GlaxoSmithKline (GSK) plc has announced the results from the Phase III PETIT2 study evaluating the efficacy of eltrombopag vs. placebo in paediatric patients with chronic immune (idiopathic) thrombocytopenic purpura (cITP). Eltrombopag - marketed as PromactaTM in the U.S. and as RevoladeTM in Europe and other countries across the world - met its primary endpoint, achieving a statistically significant improvement in platelet counts with almost 40 percent of patients treated with eltrombopag attaining a consistent platelet response for 6 of 8 weeks compared to placebo (39.7 percent vs. 3.4 percent, respectively, p
The PETIT2 study results were highlighted today as part of a Press Briefing and Oral Presentation at the European Haematology Association Annual Congress, 12-15 June in Milan, Italy.
"The PETIT2 study results presented today show an increase in platelet response rate with eltrombopag treatment - an important result given that these children had failed other standard therapies," said Dr. Rafael Amado, Head of Oncology R&D, GlaxoSmithKline. "We look forward to continuing to assess the potential of eltrombopag in these patients and to moving forward with planned regulatory submissions for a paediatric indication in cITP later this year."
Efficacy results for PETIT2 were consistent across age cohorts. The safety profile was consistent with the established profile for eltrombopag and no new safety concerns were observed. The most common adverse events (AEs) occurring most frequently in the eltrombopag arm included nasopharyngitis, rhinitis, cough and respiratory tract infection. Grade 3/4 AEs occurred in 12.7 percent of patients treated with eltrombopag and 10.3 percent of patients in the placebo group. Serious AEs were reported in 8 percent of eltrombopag-treated patients vs. 14 percent in the placebo arm.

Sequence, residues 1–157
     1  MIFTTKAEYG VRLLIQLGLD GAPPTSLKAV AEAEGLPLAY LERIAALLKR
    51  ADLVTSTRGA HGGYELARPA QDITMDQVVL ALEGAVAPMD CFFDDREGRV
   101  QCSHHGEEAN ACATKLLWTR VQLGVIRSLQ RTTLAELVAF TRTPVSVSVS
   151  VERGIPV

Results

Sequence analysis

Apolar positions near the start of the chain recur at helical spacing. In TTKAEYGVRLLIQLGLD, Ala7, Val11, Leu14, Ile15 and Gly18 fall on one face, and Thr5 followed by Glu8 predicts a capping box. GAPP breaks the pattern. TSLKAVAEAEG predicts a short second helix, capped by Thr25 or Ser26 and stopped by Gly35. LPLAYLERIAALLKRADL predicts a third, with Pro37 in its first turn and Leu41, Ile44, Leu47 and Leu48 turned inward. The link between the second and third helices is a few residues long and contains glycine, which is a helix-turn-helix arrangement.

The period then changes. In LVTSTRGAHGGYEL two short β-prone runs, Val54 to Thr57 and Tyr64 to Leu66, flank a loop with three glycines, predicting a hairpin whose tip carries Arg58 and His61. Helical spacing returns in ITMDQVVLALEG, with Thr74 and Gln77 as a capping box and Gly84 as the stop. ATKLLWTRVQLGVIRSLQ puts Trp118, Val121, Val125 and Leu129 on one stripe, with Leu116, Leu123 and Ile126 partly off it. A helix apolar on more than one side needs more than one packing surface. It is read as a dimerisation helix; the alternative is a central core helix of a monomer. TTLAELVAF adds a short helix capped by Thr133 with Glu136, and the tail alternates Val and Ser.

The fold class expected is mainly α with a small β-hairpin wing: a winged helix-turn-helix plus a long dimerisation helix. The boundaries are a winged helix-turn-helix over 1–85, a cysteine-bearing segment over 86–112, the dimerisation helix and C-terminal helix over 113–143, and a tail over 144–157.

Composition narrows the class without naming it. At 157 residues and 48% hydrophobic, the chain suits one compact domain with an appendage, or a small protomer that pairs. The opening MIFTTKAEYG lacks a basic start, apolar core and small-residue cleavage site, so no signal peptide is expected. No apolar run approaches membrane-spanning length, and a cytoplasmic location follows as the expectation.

Additional results from an early phase study of eltrombopag in previously treated paediatric patients with cITP were also presented at this meeting.
Immune (idiopathic) thrombocytopenic purpura (ITP) - characterised by a low platelet count - affects as many as 5 in 100,000 children each year.1 While many children with ITP do not require treatment and/or their disease resolves, up to 30 percent of patients experience persistent disease at 12 months and are diagnosed with cITP.2,3,4 Patients with paediatric cITP are at a high risk of severe bleeding.
PETIT2 (TRA115450) was 2-part, double-blind, randomised placebo-controlled and open-label study to investigate the efficacy, safety and tolerability of eltrombopag in paediatric patients with previously treated cITP. The multi-centre study enrolled 93 subjects at 38 centres in 14 countries. The primary objective of the study was to assess the efficacy of eltrombopag, relative to placebo, in achieving platelet counts of ≥50 Gi/L among paediatric patients with previously treated cITP for at least 12 months. The initial phase of the study compared eltrombopag to placebo for 13 weeks. All study participants were then treated with eltrombopag in the second phase of the study (through to week 24).
About Eltrombopag (PromactaTM/RevoladeTM)
Eltrombopag is not approved or licensed anywhere in the world for use in chronic immune (idiopathic) thrombocytopenic purpura in the paediatric setting.
For full US Prescribing Information for Promacta® (eltrombopag), including Boxed Warning, please visit: https://www.gsksource.com/gskprm/htdocs/documents/PROMACTA-PI-MG-COMBINED.PDF. For the European Union (EU) Summary of Product Characteristics (SPC) for Revolade® (eltrombopag) in approved indications, please visit http://health.gsk.com/.